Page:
An article entitled “Shot Palestinian Mohammed Asfour dies in hospital” appeared in the Middle East section of the BBC News website on March 7th 2013.
The article states:
“A Palestinian shot in the head by Israeli soldiers during a confrontation with stone-throwers has died of his wounds, hospital officials say.
Mohammed Asfour, 22 was hit by a rubber bullet during the protest in the West Bank village of Aboud on 22 February.
He had been protesting against the continued detention of four hunger strikers after the death of a detainee.
Israel says Arafat Jaradat, 30, apparently died from a heart attack. Palestinians say he was tortured.”
Asfour (a member of Hamas according to that organisation) was indeed injured on Friday February 22nd 2013 during a violent riot near Aboud – north-west of Ramallah – which developed out of a protest in support of Palestinian prisoners. However – in contrast to the statement made in the above article by the BBC – that protest did not come after “the death of a detainee” because Arafat Jaradat did not die until the next day – Saturday, February 23rd.
Hence, the BBC’s claim that Asfour “had been protesting […] after the death of a detainee” is inaccurate and the article’s following line – “Israel says Arafat Jaradat, 30, apparently died from a heart attack. Palestinians say he was tortured” – is irrelevant to the report and gratuitous – as well as inaccurate in that it does not reflect the findings of Jaradat’s post-mortem.
This article also provides another opportunity to compare the BBC’s style of reporting violence in Israel and Palestinian-controlled areas with its reporting of similar incidents on its domestic front.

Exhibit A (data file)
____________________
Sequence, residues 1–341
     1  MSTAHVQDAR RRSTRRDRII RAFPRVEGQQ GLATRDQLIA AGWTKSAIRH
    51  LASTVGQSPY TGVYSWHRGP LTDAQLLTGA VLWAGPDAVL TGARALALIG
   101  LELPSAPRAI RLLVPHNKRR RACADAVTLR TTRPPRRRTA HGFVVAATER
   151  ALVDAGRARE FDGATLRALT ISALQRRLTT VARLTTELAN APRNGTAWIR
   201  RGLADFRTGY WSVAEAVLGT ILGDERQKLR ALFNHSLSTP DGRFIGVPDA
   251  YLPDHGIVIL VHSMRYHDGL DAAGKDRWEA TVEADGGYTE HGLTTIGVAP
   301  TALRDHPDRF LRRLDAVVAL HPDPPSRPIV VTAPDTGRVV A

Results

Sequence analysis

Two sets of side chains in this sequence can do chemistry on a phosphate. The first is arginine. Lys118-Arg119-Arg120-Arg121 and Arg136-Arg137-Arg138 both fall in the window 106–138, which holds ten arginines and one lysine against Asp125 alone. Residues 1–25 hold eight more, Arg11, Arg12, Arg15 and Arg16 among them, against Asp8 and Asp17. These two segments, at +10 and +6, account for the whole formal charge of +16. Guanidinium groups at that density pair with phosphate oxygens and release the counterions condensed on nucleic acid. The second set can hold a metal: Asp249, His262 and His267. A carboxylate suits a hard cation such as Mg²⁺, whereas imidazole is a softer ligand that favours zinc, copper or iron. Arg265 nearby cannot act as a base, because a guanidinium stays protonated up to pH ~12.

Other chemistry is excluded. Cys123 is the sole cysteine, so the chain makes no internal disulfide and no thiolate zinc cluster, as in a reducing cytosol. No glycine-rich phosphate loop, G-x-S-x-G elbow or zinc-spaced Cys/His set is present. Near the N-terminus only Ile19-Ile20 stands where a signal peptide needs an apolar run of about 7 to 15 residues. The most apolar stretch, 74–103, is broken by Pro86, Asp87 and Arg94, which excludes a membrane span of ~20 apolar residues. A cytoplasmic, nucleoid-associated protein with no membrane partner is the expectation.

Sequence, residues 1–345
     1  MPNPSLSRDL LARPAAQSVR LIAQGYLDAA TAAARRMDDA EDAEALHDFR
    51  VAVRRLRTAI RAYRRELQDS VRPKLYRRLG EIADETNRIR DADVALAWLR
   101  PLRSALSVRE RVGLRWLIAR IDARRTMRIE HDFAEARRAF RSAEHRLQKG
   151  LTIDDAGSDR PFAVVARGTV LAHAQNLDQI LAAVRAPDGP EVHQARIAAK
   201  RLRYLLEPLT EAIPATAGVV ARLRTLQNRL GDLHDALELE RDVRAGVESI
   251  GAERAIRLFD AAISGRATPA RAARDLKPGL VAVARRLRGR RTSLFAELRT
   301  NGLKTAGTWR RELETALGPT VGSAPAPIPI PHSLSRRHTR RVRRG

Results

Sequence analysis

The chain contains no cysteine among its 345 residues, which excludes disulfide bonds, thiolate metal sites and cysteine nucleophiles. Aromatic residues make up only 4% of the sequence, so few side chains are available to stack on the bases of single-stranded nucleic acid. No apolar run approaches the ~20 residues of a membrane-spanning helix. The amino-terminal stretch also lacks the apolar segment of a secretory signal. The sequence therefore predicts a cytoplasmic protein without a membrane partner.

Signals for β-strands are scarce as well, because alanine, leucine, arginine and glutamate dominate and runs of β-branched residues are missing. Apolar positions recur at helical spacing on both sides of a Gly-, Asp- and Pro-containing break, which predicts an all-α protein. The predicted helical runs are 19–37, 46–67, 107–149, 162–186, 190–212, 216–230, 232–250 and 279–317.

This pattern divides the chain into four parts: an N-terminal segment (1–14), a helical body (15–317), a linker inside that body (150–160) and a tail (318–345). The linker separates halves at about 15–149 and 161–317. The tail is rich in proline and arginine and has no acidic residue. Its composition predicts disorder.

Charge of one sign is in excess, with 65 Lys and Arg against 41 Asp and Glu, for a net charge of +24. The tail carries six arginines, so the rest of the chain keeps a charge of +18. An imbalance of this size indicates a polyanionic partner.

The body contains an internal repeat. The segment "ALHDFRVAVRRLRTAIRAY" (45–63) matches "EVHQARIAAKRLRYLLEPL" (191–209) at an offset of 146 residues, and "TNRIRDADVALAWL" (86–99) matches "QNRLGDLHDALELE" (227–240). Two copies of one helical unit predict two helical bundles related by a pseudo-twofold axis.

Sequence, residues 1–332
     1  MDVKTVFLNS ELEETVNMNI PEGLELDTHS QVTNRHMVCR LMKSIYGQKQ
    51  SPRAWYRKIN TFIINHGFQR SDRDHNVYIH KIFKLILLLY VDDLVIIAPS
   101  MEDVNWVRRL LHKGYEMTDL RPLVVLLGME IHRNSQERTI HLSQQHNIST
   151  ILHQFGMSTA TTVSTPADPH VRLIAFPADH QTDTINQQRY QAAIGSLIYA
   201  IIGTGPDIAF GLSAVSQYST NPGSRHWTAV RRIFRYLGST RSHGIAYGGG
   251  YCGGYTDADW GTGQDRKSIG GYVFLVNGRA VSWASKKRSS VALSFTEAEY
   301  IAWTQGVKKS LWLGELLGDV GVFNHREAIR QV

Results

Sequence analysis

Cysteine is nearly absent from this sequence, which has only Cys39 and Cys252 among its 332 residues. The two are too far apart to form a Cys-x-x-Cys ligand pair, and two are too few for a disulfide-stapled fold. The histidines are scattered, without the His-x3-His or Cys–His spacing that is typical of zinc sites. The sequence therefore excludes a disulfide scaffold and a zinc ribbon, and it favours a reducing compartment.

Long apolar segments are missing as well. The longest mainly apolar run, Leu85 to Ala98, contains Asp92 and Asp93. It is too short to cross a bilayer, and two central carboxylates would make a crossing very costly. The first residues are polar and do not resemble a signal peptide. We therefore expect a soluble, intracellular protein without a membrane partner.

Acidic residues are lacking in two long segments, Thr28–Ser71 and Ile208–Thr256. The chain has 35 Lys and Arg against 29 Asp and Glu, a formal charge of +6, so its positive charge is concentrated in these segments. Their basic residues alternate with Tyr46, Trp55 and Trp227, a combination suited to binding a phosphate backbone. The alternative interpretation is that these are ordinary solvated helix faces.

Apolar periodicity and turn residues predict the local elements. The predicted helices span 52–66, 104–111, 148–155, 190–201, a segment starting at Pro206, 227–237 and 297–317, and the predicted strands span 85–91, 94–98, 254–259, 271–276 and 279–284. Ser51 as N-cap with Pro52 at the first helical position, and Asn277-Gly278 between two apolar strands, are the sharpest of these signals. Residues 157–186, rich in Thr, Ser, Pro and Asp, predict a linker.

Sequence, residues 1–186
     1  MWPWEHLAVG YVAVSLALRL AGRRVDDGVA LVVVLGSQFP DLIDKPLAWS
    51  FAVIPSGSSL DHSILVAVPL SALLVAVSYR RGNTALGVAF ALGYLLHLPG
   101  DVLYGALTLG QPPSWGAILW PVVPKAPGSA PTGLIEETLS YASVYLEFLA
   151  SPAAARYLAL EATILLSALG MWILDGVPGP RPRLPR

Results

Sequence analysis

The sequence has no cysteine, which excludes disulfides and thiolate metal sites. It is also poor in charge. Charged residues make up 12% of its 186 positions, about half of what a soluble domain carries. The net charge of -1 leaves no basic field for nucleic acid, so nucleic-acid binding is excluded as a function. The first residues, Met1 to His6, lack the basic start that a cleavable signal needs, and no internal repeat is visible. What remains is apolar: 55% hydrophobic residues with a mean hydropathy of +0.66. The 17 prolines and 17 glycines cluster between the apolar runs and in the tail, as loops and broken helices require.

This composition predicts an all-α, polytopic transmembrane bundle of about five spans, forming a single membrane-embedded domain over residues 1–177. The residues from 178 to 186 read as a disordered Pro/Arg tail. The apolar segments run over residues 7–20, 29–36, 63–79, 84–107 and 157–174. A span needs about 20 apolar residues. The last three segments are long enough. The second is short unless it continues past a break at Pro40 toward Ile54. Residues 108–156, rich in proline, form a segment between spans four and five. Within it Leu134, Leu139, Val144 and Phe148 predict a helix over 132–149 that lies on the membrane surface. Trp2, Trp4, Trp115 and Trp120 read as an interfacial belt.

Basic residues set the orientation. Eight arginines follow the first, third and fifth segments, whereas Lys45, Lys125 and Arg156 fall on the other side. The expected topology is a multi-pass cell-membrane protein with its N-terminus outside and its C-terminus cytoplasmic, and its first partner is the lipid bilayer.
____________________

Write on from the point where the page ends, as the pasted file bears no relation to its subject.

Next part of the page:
As we see, the BBC’s choice of language in this article plays down the violent aspects of the incident. [all emphasis added]
“during a confrontation with stone-throwers….”
“during the protest..”
“He had been protesting….”
In other words, when Palestinians throw stones at Israeli security forces, these are “protests” which result in “confrontation”.
However, as we see from this recent BBC report from Northern Ireland, when people throw bricks and bottles at the police in Britain, they become rioters engaged in violence. [all emphasis added]
“Five police officers hurt during rioting in Newtownabbey”
“Loyalist rioting in Glengormley in which five police officers were injured was “totally unacceptable”, the Northern Ireland Secretary has said.”
“Theresa Villiers was speaking about violence at Carnmoney Road on Friday when up to 100 people attacked police.”
“Police have said “a very small minority intent on causing disruption and harm” were behind Friday night’s violence..”
“In a statement on Saturday, the Police Service of Northern Ireland (PSNI) said an investigation into the violence was under way.”
In fact, the word “violence” is used seven times throughout this article, leaving readers with a very clear picture of events whereas – in line with usual BBC practice when reporting Palestinian rioting – in the article about Mohammed Asfour, the words “violence” or “rioting” are not used at all.
Obviously the reason for this discrepancy of language used to report similar incidents needs to be addressed by the BBC. Otherwise, its reputation for impartiality will remain compromised.
What the BBC classified as ‘riots’ in London become ‘protests’ in Beitounya
Where can terrorism be named as such by the BBC?